Glitzy and brash? Or one of your favorite places? Opinion is divided on the attraction of Saint Tropez on the French Riviera. In the summer Saint Tropez can be hell – but also heavenly. It’s still basically a small fishing village, surrounded by villas for the super rich and super famous; the town heaves with crowds, but there’s a wonderful 14-kilometer path where you can get away from it all. Whatever you think of the place, it still attracts both the stars and the ordinary vacationer, and therein lies its charm.
The writer Guy de Maupassant started the trend in the 1880s, ‘discovering’ the place when he arrived the only way he could, in his yacht, the Bel-Ami. Then came the painter Paul Signac, followed by other artists of the late 19th- and early 20th-century who found the light fabulous and the living easy.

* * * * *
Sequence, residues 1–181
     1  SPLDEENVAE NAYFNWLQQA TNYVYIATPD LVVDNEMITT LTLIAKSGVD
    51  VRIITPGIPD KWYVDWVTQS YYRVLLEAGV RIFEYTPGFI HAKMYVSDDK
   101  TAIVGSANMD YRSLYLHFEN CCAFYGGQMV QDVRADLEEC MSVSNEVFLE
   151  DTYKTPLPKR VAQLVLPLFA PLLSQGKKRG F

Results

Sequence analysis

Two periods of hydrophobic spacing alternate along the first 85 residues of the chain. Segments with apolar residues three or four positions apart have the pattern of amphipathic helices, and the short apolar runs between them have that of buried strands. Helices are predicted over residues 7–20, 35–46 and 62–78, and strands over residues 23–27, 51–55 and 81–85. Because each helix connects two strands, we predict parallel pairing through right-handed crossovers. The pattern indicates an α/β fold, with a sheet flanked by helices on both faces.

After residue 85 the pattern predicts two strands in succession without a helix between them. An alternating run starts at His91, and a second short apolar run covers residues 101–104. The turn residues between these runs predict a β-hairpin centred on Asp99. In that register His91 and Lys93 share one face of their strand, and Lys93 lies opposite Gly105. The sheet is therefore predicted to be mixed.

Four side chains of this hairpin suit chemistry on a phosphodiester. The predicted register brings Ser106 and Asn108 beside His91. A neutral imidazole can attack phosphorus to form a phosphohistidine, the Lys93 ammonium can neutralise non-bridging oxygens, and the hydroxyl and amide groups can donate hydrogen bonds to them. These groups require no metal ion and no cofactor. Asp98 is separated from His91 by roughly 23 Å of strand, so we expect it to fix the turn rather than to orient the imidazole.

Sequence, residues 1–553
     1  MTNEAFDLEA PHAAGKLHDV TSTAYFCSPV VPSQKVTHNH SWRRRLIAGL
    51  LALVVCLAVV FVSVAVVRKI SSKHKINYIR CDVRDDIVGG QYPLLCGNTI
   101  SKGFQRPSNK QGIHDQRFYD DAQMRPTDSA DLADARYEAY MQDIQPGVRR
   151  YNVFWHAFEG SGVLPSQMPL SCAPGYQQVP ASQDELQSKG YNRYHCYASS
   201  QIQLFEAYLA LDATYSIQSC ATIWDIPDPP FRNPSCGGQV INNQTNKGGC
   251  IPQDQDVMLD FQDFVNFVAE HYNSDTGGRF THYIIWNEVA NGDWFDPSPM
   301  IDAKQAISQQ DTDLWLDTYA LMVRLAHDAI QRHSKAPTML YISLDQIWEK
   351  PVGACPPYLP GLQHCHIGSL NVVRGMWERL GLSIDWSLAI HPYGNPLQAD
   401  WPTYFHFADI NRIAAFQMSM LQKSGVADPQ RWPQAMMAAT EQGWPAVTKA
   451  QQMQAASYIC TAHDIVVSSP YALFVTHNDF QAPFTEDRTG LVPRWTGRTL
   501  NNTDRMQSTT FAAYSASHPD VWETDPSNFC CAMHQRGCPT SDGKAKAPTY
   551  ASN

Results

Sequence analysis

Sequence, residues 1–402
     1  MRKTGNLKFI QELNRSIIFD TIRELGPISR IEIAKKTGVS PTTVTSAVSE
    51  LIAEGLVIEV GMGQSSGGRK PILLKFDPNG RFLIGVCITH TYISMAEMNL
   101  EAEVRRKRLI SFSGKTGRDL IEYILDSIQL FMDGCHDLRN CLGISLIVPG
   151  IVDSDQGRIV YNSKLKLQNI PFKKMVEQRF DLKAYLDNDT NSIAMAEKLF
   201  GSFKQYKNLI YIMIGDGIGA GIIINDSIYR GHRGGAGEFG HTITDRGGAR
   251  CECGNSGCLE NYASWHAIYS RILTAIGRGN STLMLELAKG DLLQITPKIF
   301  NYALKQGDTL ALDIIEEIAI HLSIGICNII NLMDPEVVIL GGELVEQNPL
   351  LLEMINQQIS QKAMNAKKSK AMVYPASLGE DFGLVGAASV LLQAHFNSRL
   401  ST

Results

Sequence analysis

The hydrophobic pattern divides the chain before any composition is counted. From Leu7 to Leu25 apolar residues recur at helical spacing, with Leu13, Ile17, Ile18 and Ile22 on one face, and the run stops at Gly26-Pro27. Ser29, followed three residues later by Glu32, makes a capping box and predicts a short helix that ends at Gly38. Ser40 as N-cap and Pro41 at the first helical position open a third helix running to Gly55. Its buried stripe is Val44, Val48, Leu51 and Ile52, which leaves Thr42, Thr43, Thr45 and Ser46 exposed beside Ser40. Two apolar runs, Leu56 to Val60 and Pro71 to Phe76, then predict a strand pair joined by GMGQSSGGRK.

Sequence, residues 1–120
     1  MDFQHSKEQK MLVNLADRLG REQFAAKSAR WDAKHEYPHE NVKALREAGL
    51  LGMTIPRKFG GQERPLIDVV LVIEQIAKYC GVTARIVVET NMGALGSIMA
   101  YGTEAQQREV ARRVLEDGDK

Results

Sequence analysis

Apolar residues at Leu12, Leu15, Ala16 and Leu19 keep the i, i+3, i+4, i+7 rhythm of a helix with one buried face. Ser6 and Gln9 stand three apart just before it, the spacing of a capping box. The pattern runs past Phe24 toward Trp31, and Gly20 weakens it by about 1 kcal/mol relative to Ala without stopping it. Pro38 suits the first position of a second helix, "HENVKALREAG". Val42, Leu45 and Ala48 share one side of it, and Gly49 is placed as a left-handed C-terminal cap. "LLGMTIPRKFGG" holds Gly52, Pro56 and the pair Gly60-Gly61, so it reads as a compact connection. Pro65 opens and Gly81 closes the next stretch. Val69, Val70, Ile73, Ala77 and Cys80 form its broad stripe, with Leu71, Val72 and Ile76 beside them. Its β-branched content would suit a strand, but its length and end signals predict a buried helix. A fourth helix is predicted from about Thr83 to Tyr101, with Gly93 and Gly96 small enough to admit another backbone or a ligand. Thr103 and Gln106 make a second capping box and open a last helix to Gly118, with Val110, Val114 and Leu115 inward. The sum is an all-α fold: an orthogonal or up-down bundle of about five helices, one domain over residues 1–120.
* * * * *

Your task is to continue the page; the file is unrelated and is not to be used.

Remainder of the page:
They loved the small fishing port that went back to the 1400s when the place was independent with its own small army. In the 20th century the trickle of visitors became a tide as everybody followed the famous names of Matisse and Colette, Errol Flynn and Jean Cocteau. By the 1950s Picasso, Juliette Greco and Boris Vian, Jean-Paul Sartre and Francoise Sagan were regulars. But it was Brigitte Bardot who through the film And God Created Woman, became the symbol of fashionable, rather libertine St Tropez. And the place never looked back. Today you might see George Clooney, Jack Nicholson, Liz Hurley and P Diddy along with Michael Schumacher strolling around.